In 1989 the Japanese bought controlling shares in a patch of midtown Manhattan that included Rockefeller Center and Radio City Music Hall. It was one of the last gasps of Japan Inc., before the bubble burst and sucked confidence out of one of the most stunning economic success stories in modern times. By 1995 the Japanese had divested themselves of most of the buildings that they spent more than $1 billion to purchase. The economic superpower that had binged on American landmarks like the Pebble Beach golf course and Columbia Pictures was in retreat. Arrogance about the superiority of the Japanese financial model was replaced by two decades of pained introspection about why things had gone so awry.
Fast forward 17 years and Xinhua, China's state-run news agency, has planted its flag a few blocks from the Rock. Xinhua occupies office space on Times Square, along with a massive LED screen broadcasting programs from a media group that began as the Red China News Agency. The move into New York City by China's official mouthpiece symbolizes the growing ambitions of a country that in 2010 replaced Japan as the world's second biggest economy. In Washington, D.C., China's state broadcaster CCTV has unveiled new headquarters of what it hopes will be a competitor to international networks like al-Jazeera. After decades of isolation from or indifference toward the global community, Beijing is now engaged in a soft-power campaign to convince the world that its mix of economic dynamism and political authoritarianism can be a model for the 21st century.
Yet last month, Yang Rui, the oleaginous host of a CCTV International program called Dialogue, let loose a xenophobic torrent on Weibo, the Chinese equivalent of Twitter. Commenting on an ongoing crackdown in Beijing against foreigners with questionable residency, Yang called expats in the Chinese capital spies and human traffickers. He proceeded to use a very bad word to describe a journalist of al-Jazeera who recently had been kicked out of China for her enterprising reporting. "We should shut up those who demonize China," he wrote, "and send them packing." A man who is supposed to be a bridge between China and the world was instead dissing that world and in highly intemperate language.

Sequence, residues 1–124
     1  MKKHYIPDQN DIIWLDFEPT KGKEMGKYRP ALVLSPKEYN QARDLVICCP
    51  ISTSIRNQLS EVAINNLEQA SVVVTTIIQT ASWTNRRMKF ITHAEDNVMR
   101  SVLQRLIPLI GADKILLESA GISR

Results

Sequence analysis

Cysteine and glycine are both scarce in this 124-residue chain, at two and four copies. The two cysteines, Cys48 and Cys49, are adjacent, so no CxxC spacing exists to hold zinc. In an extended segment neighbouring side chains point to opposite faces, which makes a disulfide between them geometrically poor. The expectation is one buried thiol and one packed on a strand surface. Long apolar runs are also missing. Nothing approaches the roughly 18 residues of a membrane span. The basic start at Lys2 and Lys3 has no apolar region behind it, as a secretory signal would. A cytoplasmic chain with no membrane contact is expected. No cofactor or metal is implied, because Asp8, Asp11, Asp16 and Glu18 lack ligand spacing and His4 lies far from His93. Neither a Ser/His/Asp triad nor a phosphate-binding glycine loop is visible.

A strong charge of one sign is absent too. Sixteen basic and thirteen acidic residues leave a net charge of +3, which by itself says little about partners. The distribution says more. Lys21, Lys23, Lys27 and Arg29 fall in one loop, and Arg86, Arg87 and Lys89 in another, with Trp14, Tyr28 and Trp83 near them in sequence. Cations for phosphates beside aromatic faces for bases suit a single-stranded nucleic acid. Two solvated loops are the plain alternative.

Today, a backlash against Chinese investment overseas is gathering force, with the cavalier practices of China Inc. drawing comparisons to the Western colonialists (and Soviet and American proxy warriors) before them. Countries within Beijing's sphere of influence, particularly those that share contested waterways with China, are also feeling nervous. Chinese military men are amping up bellicose language, even as Beijing tries to convince the world that its rise is a peaceful one. Last month, state-linked media in China warned that war could break out with the Philippines if the island nation didn't give up claims over a disputed scattering of rocks and reefs in the South China Sea.
China's attempt at soft power is a projection of the Chinese Communist Party. The Chinese companies doing business abroad building roads in Asia, sowing soybeans in Latin America, digging up minerals in Africa are nearly all state-owned. The Japanese government has its own soft-power campaign too: cool Japan. But the high-tech gadgetry, sleek design and animated culture that Japan churns out to great global acclaim are not produced by the state. That's the same case with South Korea, which wins cultural-diplomacy points from its exports of hip machinery, K-pop and addictive soap operas. What has China brought to the cultural marketplace thus far? State-run CCTV and Confucius Institutes, Beijing-funded cultural and language centers that China's propaganda chief Li Changchun once called "an important part of China's overseas propaganda setup."
China's regional muscle flexing and its internal crackdown on foreigners may be designed more for a domestic rather than an international audience. At a time of social tensions and political scandal, the party leadership is facing a once-a-decade transfer of power later this year. Yet Chinese citizens haven't been diverted from the serious issues at hand: rising corruption and income disparity, a lack of rule of law, a slowing economic engine. "A lot of Chinese are realizing that loving your country doesn't mean loving your government," popular blogger Li Chengpeng tells TIME. "Patriotism in China has developed from loving your government to loving your country, to loving values that you believe in." Now that really sounds like soft power.
with reporting by Chengcheng Jiang / Beijing